3 Key Steps for Improving Data Protection

The recently reported data breach that affected 240,000 Department of Homeland Security employees is a harsh reminder that the people inside an organization are the greatest threat to data security. While hackers, ransomware and other misdeeds make headlines, it is important to remember that trusted insiders account for 100 percent of all breaches: Someone either did something, or neglected to do something, and that allowed a breach to occur. The DHS breach is no different.

Unlike popularized hacker and ransomware attacks, the DHS breach was not committed by outsiders. A former employee is under investigation for having an unauthorized copy of the DHS Case Management System database in their possession.

The DHS breach also reminds us about the broad reach that compromised data can have: it affected current and former employees, as well as subjects, witnesses, and complainants associated with DHS Office of Inspector General investigations from 2002 through 2014.

Investigators say the personal information of affected individuals was apparently not the primary objective of the data exfiltration, but such assurances ring hollow. The impacts are the same, and bring consequences that even organizations as large as the DHS can ill afford: investigations, negative publicity, and hard costs to notify affected individuals and provide remediation. And few affected individuals can easily afford the burden of costs, inconveniences, and uncertainties that result from a data breach.

The DHS breach is yet another reminder of how essential it is that everybody within an organization be fairly and adequately vetted, and that they take mandatory, extensive training regarding data protection, privacy, and related issues. All too often, though, organizations that promise to “respect your privacy” gamble with data.

Executives who often have an inadequate understanding of the technology, law and risks are sometimes quick to deny funding for data protection training, and justify it as a ‘cost saving’ measure. Other organizations develop or purchase training courses that are designed to provide ‘high level’ information but offer little substantive guidance. On the positive side, however, such training takes very little time to deliver — making it very attractive to decision-makers who justify their choice by insisting that online training will be ignored if it can’t be delivered in segments of less than twenty minutes.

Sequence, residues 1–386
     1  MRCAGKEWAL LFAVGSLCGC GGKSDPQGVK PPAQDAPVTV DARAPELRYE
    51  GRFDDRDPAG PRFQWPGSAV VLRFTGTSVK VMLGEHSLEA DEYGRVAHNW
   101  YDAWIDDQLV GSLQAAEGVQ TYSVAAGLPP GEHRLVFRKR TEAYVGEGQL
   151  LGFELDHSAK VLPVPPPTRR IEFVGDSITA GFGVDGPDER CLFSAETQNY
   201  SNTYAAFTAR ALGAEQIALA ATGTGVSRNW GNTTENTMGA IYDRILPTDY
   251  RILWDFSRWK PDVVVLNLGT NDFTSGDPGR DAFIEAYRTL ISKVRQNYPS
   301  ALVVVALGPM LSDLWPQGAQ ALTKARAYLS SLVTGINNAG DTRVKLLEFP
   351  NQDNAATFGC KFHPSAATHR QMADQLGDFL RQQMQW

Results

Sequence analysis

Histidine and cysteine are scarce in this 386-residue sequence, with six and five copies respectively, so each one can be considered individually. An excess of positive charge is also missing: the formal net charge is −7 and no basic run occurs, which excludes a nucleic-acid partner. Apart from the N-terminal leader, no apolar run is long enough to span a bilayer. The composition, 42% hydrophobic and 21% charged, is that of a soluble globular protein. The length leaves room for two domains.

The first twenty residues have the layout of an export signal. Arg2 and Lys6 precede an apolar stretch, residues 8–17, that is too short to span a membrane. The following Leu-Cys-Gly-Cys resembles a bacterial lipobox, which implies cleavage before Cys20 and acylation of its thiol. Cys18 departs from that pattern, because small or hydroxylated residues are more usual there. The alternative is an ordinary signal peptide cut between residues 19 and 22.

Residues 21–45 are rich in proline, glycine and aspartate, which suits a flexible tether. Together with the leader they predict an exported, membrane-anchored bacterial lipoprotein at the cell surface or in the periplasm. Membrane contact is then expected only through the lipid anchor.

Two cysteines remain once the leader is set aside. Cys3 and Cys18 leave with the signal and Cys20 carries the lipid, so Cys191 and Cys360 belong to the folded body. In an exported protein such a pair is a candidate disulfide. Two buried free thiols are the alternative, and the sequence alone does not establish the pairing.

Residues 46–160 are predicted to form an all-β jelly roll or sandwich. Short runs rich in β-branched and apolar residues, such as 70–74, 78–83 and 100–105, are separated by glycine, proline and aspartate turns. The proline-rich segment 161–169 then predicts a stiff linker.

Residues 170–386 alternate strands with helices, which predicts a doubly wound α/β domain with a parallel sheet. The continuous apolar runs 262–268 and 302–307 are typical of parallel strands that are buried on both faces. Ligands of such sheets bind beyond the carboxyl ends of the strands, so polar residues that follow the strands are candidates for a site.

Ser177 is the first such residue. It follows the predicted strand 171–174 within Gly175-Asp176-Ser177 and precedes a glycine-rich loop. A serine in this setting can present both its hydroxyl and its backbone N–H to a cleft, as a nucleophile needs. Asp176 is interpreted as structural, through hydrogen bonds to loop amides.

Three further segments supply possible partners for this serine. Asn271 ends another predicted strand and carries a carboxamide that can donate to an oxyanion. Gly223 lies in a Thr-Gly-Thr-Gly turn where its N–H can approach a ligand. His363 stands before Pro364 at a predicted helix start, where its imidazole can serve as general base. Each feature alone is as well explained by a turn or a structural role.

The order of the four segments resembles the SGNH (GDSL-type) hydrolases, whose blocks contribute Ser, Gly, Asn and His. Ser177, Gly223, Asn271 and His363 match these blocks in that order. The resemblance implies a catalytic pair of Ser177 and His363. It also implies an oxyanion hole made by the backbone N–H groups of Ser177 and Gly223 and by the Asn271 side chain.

The continued increase in ransomware attacks — which are predicted to be “the most dangerous threat to businesses and organizations worldwide” — makes training and awareness even more critical than in the past.

Knowing what to look for is important to avoid being taken by authentic-looking emails, and is a reminder that the old adage ‘better safe than sorry’ really is meaningful.

  1. Watch for emails that demand urgent attention, contain misspellings, those that contain key words such as kindly, verify, validate, important, and urgent, and those that include warnings or require account verification, or implore readers to open attachments or sign on to read a document.
  2. Ensure all employees know how — and invest the few seconds it takes — to hover a cursor over an embedded link to reveal the true destination.
  3. Be certain that everybody in the organization knows that they ought to be cautious and call the supposed sender of any email that asks for large sums of money to be paid out, even if it purports to be from a regular supplier or vendor. Remind them that nobody will face retribution for questioning authority.

A few moments to increase awareness and take simple precautionary measures are an important investment in data protection that every organization ought to afford.